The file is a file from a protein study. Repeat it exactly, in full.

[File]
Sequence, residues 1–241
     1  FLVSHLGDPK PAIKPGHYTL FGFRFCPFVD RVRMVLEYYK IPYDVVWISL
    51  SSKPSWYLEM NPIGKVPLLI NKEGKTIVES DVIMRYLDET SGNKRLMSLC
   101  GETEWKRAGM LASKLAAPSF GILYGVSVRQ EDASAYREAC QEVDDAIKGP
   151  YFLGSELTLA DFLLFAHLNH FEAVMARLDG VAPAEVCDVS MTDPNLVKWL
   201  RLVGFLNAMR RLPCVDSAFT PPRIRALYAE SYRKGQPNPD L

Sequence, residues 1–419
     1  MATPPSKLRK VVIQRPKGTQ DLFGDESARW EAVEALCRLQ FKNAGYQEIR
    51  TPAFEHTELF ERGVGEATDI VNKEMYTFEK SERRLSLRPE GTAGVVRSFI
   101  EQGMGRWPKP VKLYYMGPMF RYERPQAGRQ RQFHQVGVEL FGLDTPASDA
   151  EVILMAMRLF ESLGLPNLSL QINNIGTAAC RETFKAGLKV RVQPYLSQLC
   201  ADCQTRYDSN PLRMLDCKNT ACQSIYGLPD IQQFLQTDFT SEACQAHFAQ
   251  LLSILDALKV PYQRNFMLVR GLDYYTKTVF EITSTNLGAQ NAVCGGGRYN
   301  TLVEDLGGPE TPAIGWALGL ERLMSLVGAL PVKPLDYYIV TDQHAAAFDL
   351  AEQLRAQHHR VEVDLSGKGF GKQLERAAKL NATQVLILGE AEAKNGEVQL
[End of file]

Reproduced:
Sequence, residues 1–241
     1  FLVSHLGDPK PAIKPGHYTL FGFRFCPFVD RVRMVLEYYK IPYDVVWISL
    51  SSKPSWYLEM NPIGKVPLLI NKEGKTIVES DVIMRYLDET SGNKRLMSLC
   101  GETEWKRAGM LASKLAAPSF GILYGVSVRQ EDASAYREAC QEVDDAIKGP
   151  YFLGSELTLA DFLLFAHLNH FEAVMARLDG VAPAEVCDVS MTDPNLVKWL
   201  RLVGFLNAMR RLPCVDSAFT PPRIRALYAE SYRKGQPNPD L

Sequence, residues 1–419
     1  MATPPSKLRK VVIQRPKGTQ DLFGDESARW EAVEALCRLQ FKNAGYQEIR
    51  TPAFEHTELF ERGVGEATDI VNKEMYTFEK SERRLSLRPE GTAGVVRSFI
   101  EQGMGRWPKP VKLYYMGPMF RYERPQAGRQ RQFHQVGVEL FGLDTPASDA
   151  EVILMAMRLF ESLGLPNLSL QINNIGTAAC RETFKAGLKV RVQPYLSQLC
   201  ADCQTRYDSN PLRMLDCKNT ACQSIYGLPD IQQFLQTDFT SEACQAHFAQ
   251  LLSILDALKV PYQRNFMLVR GLDYYTKTVF EITSTNLGAQ NAVCGGGRYN
   301  TLVEDLGGPE TPAIGWALGL ERLMSLVGAL PVKPLDYYIV TDQHAAAFDL
   351  AEQLRAQHHR VEVDLSGKGF GKQLERAAKL NATQVLILGE AEAKNGEVQL